Homework can deepen inequities for low-income students at school if teachers judge students’ effort by their families’ involvement.
That’s according to a new study in the journal Educational Researcher, which found teachers were more likely to attribute missed homework to irresponsibility or parent disinterest with low-income students and students of color than with wealthier or white students.
The study was part of a broader longitudinal study of more than 4,000 middle school students and their teachers. Researchers observed 80 students and their teachers and conducted in-depth interviews with both, as well as with the students’ families.
Across both elementary and middle schools, “teachers were interpreting homework through this meritocratic lens, seeing it as the product of motivation and competence and effort, and not as the product of the kinds of circumstances that students or their families might be facing at home,” said Jessica McCrory Calarco, an associate professor of sociology at Indiana University and the lead author of the study.
“When teachers use that cultural framework to interpret what’s going on in their classrooms, it can lead them to judge and punish students and treat students in potentially harmful ways,” Calarco said.
As one teacher in the study noted, “I’ve had a few students this year who have been reluctant to do homework. It’s been mainly the [lower-level students].
Probably math isn’t their favorite subject, so they wouldn’t want to do their math homework, even when it’s easy. And when it’s not easy, they especially don’t want to do it.”
The findings are “unfortunate but not surprising,” said Joyce Epstein, a homework researcher and the director of the Center on School, Family, and Community Partnerships, at Johns Hopkins University, who was not involved in Calarco’s study.
“Parents are in fact interested in their children’s work and success. What they’re not interested in is being told they’re supposed to know how to teach every subject at every grade level, just because somebody said it was a good idea,” Epstein said.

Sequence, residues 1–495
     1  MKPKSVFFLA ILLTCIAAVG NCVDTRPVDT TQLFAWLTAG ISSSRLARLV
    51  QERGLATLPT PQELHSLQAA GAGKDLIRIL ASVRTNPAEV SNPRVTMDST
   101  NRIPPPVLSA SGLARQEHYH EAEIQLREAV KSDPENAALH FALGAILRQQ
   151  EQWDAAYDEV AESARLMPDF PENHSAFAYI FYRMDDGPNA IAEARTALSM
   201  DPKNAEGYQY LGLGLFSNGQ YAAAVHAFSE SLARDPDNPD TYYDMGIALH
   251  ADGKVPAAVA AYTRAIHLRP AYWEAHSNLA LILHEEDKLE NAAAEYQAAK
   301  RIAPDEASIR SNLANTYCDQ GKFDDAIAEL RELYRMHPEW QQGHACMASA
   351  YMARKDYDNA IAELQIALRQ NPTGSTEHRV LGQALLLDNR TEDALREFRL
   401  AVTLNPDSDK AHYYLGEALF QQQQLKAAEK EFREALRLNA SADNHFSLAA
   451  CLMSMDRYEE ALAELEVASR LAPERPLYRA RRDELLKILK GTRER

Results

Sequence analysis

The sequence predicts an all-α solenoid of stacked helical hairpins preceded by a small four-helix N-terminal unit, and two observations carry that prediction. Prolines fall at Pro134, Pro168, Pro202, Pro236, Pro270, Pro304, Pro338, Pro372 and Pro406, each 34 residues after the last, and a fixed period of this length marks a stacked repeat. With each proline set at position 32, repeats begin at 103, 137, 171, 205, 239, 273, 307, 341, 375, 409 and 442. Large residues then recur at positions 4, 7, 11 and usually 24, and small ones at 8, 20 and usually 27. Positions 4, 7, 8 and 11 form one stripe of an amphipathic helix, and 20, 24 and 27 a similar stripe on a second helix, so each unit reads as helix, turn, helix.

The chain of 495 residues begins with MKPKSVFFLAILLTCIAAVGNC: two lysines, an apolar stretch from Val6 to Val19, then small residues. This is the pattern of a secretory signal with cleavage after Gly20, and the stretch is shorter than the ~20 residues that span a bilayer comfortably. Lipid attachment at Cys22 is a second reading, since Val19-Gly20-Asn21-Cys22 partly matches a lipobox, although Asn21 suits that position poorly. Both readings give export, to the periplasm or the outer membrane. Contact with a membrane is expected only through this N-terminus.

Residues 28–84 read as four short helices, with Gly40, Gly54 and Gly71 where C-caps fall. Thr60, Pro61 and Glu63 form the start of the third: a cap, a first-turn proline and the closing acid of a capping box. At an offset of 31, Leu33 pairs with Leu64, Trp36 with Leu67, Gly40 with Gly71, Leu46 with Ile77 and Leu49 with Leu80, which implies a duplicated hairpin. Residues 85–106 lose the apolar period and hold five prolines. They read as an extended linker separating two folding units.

Teachers who took a meritocratic approach to homework were more likely to adopt punitive homework policies: giving extra credit on tests for students who turned in homework, or keeping students back from recess for not completing it, for example. Meritocratic teachers also were more likely to assign homework that students could not complete independently, either because it was too difficult or required input from parents.
One mother of a 5th grader in the study said she barely passed her GED high school equivalency exam, and often struggled to help her son with math. “I still can’t really figure out division. . . . [Jesse will] ask me a question, and I’ll go look at it, and it’s like algebra, in 5th grade,” the mother told researchers. “Sometimes you just feel stupid because he’s in 5th grade, and I’m like—I should be able to help my son with his homework in 5th grade.”
In an earlier related study using the same students, Calarco and her colleagues also found teachers felt significant pressure from affluent and white parents to excuse their children when they failed to complete homework. Existing homework policies tended to be applied in favor of students of parents who were highly involved in the school.
“It wasn’t a consistent application of rules,” Calarco said. “It was much more rooted in the status and the power of families ... not only in terms of who actually was able to provide more hands-on help at home, but also in the extent to which teachers felt that they had to grant exemptions to students from more privileged backgrounds.”
Designing better homework
Prior research suggests the majority of parent homework help ends up being counterproductive, including doing work for a student or providing confusing or inaccurate explanations for a concept.
“Homework is important, proven to be useful for children’s learning, but we can all do better in designing good homework as opposed to just more of it,” Epstein said.
She argued that teachers should be given more time to work with each other and parents to design homework policies and assignments.
“We should never ask parents to teach a school subject. They don’t want to do it, they can’t do it, they shouldn’t be asked to do it,” Epstein said. “What we’ve learned is that to increase the family connection with their child on homework, ... you design homework to help the student become the leader in this work.”
Among the recommendations:
- Do not design homework that requires parents to teach or check content knowledge.
- Ensure students can complete assignments at home without help.
- Design separate, ungraded assignments to engage families (e.g. a family oral history project). “If we design homework so the youngster is showing, sharing, demonstrating what they’ve learned in class, the parent becomes an appreciator of how the youngster is growing their skills and abilities,” Epstein said.
- Incorporate supplemental exercises or model lessons in separate communications with parents, such as school newsletters or literacy nights.